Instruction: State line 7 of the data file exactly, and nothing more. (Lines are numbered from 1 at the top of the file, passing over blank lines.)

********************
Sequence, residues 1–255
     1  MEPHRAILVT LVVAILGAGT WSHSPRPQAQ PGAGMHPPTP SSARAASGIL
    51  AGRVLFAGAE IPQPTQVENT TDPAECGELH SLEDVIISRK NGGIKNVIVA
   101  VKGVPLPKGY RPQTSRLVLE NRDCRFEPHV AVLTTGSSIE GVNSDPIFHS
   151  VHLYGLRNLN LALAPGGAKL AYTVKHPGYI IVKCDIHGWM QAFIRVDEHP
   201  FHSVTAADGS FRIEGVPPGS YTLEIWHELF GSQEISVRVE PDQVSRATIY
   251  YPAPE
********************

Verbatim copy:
   251  YPAPE